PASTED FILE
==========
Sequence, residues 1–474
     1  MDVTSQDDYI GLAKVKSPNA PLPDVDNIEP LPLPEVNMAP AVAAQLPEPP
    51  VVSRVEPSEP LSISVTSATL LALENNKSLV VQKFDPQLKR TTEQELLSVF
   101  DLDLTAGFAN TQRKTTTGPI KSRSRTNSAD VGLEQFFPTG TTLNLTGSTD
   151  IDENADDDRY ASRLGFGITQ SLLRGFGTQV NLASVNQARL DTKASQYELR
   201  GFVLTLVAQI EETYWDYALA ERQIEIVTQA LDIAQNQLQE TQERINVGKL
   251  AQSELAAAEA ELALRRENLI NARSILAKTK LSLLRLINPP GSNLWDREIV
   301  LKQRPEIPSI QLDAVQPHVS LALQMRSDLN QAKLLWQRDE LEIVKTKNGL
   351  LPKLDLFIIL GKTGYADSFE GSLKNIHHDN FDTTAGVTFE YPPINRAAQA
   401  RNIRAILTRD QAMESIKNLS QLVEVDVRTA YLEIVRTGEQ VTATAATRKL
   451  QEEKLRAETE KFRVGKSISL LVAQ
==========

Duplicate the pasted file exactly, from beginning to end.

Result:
Sequence, residues 1–474
     1  MDVTSQDDYI GLAKVKSPNA PLPDVDNIEP LPLPEVNMAP AVAAQLPEPP
    51  VVSRVEPSEP LSISVTSATL LALENNKSLV VQKFDPQLKR TTEQELLSVF
   101  DLDLTAGFAN TQRKTTTGPI KSRSRTNSAD VGLEQFFPTG TTLNLTGSTD
   151  IDENADDDRY ASRLGFGITQ SLLRGFGTQV NLASVNQARL DTKASQYELR
   201  GFVLTLVAQI EETYWDYALA ERQIEIVTQA LDIAQNQLQE TQERINVGKL
   251  AQSELAAAEA ELALRRENLI NARSILAKTK LSLLRLINPP GSNLWDREIV
   301  LKQRPEIPSI QLDAVQPHVS LALQMRSDLN QAKLLWQRDE LEIVKTKNGL
   351  LPKLDLFIIL GKTGYADSFE GSLKNIHHDN FDTTAGVTFE YPPINRAAQA
   401  RNIRAILTRD QAMESIKNLS QLVEVDVRTA YLEIVRTGEQ VTATAATRKL
   451  QEEKLRAETE KFRVGKSISL LVAQ